Assistant Professor of Sociology Kirstie Kemmerer is living proof that it’s OK to change directions in life. While earning her bachelor’s in business management, she thought she wanted to be a wedding planner. Now, several years later, she has a Ph.D. and teaches classes that deal with hard-hitting issues such as domestic violence and rural crime.
“What got me hooked on sociology was a class I took on drugs and alcohol to fill a gen. ed. requirement,” Kemmerer said. “But I became really interested, and it ultimately made me want to teach sociology, so I started applying for graduate schools. I got my master’s with a specialization in family studies from Indiana University of Pennsylvania and then earned my doctorate from the University of New Hampshire.”
Kemmerer began lecturing at SUNY Oneonta in 2016. A typical morning for her begins at about 6:30 a.m. when she arrives on campus after her hour-and-15-minute commute. After meeting with colleagues or students for coffee, it’s time for class, which is sometimes lecture, sometimes discussion-based.
Her favorite class is Violence in Relationships. Although it’s “rough material,” Kemmerer is passionate about spreading awareness. Other favorites include Rural Crime, which she developed, and Senior Seminar, where she “gets to dive deep and have important discussions with a small group of students who really understand the concepts.”
Being The Change
Kemmerer’s favorite part of teaching is the meaningful connections she makes with her students. At the end of the day, her main goal is to make a difference, which is fitting for someone with a tattoo that says, “Be the change you want to see in the world.”
She recalls a moment in class when she showed her students a graph showing median income for different racial groups and asked them if they noticed anything “wrong with this picture.” One student thanked her for opening his eyes to issues of racial inequality.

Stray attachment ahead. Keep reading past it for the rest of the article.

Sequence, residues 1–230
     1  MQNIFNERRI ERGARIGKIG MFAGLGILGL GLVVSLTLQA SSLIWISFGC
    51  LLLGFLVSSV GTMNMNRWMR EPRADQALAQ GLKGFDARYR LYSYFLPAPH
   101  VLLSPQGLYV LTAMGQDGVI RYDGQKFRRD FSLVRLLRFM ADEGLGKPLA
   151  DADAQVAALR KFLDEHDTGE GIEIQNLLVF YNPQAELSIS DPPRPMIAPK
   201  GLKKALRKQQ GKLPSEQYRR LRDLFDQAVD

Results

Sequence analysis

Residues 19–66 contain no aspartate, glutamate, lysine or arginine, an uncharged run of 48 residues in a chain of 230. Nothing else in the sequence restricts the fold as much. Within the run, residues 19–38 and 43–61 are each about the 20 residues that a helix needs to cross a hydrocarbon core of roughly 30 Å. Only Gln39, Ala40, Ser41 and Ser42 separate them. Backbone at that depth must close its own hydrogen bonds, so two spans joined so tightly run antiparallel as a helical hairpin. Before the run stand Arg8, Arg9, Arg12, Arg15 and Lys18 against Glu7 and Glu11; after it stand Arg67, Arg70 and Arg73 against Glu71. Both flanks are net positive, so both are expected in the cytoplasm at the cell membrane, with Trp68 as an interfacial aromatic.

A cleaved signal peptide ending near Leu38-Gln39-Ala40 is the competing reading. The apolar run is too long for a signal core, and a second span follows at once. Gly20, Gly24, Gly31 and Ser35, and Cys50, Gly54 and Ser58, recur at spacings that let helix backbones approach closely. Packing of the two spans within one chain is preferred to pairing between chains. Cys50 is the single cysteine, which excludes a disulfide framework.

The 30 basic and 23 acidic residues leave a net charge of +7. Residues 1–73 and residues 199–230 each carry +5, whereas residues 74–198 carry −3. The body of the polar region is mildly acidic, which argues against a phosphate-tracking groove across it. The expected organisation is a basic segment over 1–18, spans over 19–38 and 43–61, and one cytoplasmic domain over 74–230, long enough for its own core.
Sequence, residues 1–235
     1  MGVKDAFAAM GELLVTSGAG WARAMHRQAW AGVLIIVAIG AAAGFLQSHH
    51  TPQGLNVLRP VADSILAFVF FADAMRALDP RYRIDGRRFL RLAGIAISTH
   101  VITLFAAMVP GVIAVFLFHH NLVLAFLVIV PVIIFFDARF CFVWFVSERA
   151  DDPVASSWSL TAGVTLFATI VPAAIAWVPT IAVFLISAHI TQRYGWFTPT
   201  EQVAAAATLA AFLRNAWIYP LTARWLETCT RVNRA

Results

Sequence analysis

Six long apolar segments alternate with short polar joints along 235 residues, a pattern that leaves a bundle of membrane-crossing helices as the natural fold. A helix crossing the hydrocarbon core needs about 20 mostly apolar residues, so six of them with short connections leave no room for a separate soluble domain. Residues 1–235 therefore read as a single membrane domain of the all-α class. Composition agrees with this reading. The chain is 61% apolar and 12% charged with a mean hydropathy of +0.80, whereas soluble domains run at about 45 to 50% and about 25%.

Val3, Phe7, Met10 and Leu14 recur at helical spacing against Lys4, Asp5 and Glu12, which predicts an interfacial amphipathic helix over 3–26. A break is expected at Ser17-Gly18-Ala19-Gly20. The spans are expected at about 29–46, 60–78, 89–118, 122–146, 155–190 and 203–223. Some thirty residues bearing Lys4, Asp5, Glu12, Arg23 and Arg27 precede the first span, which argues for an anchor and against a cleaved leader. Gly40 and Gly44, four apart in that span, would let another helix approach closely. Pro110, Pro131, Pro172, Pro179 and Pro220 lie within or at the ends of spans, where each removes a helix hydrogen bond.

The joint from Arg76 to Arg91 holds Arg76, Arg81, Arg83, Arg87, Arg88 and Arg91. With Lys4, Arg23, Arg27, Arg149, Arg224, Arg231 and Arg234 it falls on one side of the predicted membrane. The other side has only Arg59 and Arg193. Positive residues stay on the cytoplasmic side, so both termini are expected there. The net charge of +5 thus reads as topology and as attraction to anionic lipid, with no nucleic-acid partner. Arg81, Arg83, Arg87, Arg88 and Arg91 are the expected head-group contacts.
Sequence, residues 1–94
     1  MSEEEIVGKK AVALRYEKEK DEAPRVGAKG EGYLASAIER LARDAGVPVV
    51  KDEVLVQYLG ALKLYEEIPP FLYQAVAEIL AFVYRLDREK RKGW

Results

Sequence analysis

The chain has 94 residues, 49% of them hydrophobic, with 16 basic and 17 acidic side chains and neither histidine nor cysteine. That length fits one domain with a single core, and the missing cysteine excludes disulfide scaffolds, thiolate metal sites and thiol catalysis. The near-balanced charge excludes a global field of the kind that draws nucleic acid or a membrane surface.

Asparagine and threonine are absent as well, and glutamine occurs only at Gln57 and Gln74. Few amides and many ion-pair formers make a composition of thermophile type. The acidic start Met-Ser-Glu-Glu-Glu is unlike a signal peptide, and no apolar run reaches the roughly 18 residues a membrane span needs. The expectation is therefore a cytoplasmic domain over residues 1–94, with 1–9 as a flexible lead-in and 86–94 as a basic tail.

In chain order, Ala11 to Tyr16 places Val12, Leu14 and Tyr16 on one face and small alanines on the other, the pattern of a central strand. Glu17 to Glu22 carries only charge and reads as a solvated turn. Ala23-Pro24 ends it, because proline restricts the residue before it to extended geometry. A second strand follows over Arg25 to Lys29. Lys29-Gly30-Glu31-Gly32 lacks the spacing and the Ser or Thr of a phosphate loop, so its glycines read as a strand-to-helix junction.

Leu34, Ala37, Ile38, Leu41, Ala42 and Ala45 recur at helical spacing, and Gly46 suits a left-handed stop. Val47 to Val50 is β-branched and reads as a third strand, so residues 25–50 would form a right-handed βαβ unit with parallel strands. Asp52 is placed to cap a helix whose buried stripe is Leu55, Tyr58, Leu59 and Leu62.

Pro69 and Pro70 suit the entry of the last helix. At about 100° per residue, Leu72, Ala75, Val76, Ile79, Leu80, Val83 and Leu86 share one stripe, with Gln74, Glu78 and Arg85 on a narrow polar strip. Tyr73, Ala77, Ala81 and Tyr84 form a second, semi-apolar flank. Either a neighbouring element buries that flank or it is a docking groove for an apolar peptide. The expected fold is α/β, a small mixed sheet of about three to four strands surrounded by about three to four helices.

Kemmerer said she hopes to develop more classes related to violence against women and expand her research, exploring violence against women specifically in rural areas. Since many of her classes deal with heavy material, she tries to incorporate some fun aspects such as watching films, going on field trips, or offering research opportunities on topics students care about – like eating habits on campus.
“I want everyone to do well in my classes,” she said. “I love when the subject matter really connects with students and you can see that. Even if I get through to a handful of students a semester, making those connections makes it so worth it.”
Mental Health Matters
Another topic Kemmerer is passionate about is mental health. She suffers from anxiety and depression and said she has gone to a therapist her whole life.
“There is a real stigma surrounding it,” Kemmerer said. “I think graduate students, in particular, are overlooked in this regard, but it’s a real issue. I remember what it’s like to have to work four jobs to make ends meet and then, when I went to defend my dissertation the first time, I failed. It can be really tough. It’s not all rainbows.”
Kemmerer says the thing she is most proud of is the fact that, after facing so many hurdles, she still graduated and became the first person in her family with a doctorate. She is happy to be a role model for her three younger sisters.
“We’re all human,” she said. “And we all struggle. And that’s one thing I really stress to my students. I’m a human, I empathize. Take it one day at a time, and don’t be afraid to reach out and ask for help if you need it.”